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When the Philippine government announced a comprehensive lockdown in metro Manila on March 16, including the cancellation of classes at all levels, Asian Theological Seminary (ATS) immediately shifted to online learning. Since ATS has been doing hybrid learning for some time, we thought that the full shift to online would not be too difficult.

But the shift was easier said than done. Both students and faculty were impacted by the pandemic, much more than we realized at first. First, there were the technical issues. Some students have no or poor internet connection at home. Teachers had to go on a steep learning curve to figure out how to achieve our learning objectives in the new format. Second, there was the economic and practical impact. With church services cancelled and most people unable to work, there were no more love gifts and offerings to sustain church workers. Then, there were the practical details to take care of. Trying to organize life in drastically different and, frankly, scary circumstances took up much time, mental space, and effort.

But along with this is the psychological impact, so that both teachers and students were finding it hard to focus and were exhausted after internet class sessions. The tragedy of what is happening around the world, the grief for people dead and dying, the worry for relatives and friends near and far away, the uncertainty of it all were too much to bear. Some had panic and anxiety attacks. We looked to God and prayed, but the heaviness, restlessness, fear, and anxiety remained.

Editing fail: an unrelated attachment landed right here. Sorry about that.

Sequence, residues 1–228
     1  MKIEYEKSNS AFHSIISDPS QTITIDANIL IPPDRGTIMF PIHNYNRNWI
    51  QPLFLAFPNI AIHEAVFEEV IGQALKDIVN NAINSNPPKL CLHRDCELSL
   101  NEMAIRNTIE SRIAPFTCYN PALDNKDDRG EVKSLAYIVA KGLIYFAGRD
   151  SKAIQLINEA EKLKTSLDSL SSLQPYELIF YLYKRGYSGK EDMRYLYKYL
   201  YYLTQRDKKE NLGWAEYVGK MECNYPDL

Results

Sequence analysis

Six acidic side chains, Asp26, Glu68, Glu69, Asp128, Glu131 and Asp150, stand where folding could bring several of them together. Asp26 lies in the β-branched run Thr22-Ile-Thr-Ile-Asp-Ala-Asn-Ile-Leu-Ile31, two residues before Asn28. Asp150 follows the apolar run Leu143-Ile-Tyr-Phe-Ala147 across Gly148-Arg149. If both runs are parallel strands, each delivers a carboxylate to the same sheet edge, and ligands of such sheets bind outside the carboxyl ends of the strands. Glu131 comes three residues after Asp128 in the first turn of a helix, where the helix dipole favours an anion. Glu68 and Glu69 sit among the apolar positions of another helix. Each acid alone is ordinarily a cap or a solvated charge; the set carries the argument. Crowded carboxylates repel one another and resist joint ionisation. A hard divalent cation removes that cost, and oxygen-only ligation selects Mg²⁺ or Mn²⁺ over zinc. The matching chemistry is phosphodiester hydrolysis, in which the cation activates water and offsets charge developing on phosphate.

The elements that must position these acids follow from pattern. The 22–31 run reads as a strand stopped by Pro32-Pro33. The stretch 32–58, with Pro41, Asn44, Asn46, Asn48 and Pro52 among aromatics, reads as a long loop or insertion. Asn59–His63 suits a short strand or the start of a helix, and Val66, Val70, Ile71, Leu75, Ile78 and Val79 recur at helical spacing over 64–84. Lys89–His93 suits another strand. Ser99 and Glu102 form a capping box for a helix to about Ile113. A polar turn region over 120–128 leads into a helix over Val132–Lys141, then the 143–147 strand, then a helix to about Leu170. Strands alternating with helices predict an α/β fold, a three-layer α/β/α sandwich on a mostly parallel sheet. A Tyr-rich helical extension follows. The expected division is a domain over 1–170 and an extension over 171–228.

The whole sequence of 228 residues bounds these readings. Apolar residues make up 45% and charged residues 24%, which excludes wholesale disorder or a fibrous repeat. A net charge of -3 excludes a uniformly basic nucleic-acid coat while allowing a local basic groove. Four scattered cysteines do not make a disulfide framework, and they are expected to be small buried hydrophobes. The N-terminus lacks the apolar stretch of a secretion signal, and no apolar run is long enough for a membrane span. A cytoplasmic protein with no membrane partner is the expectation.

The fact is that we are not in a normal situation; we are in a disaster situation. In disaster situations, we are thrown out of familiar daily routines into vulnerability. And it is important for us to process this change; otherwise, the disaster will have long-term traumatic effects.

This brings to mind the project that ATS initiated several years ago among the victims of Typhoon Yolanda (Haiyan). 66 trained faculty, staff, students, and alumni were sent to several disaster areas to provide psycho-spiritual support. As Dr. Annabel Manalo, one of my colleagues, trauma specialist, and chair of our counseling faculty, said, “Psychological first aid is most important in the immediate aftermath of disaster when the usual protective support structures in the community have been temporarily immobilized.”

In the sessions conducted in groups in the aftermath of Yolanda, we asked people individually to relate the story of their experience and encouraged them to express its physical, emotional, relational, spiritual, and mental effects. Then we provided teaching on the traumatic effects of disaster and some techniques on how to cope. We ended by exploring with the group sources of strength and hope so that they can move forward. Many mentioned prayer, being with a group and facing challenges together, doing things to improve the community’s welfare, and getting back to some routines of daily life.

Recognizing belatedly that we are in a similar situation of disaster, in which we ourselves are the victims, the ATS faculty first shared our stories and our students’ stories through email and then through video conferencing. Faculty commented as follows:

  • “My anxiety level has been raised to an all-time high. I catch my jaw taut and my stomach tense.”  
  • “Initially, I was ok, but… I found myself having anxiety attacks. Sometimes, I am unable to even get up from bed.”
  • “I cannot help but be anxious about myself, sometimes becoming paranoid (if I sneeze and experience an itchy throat I have this morbid feeling that I may have caught the virus).”
  • “Our normal routine is disrupted and, to be honest, we are lost and disoriented as to how we should proceed with life.”

Similarly, some of our students, those who are more prone to stress, anxiety, and depression, saw a worsening of their mental health issues. It is important to validate these feelings and not challenge or interrupt while these effects are being shared. As we pointed out to the Yolanda survivors, the physical and emotional manifestations of stress are natural responses to disaster.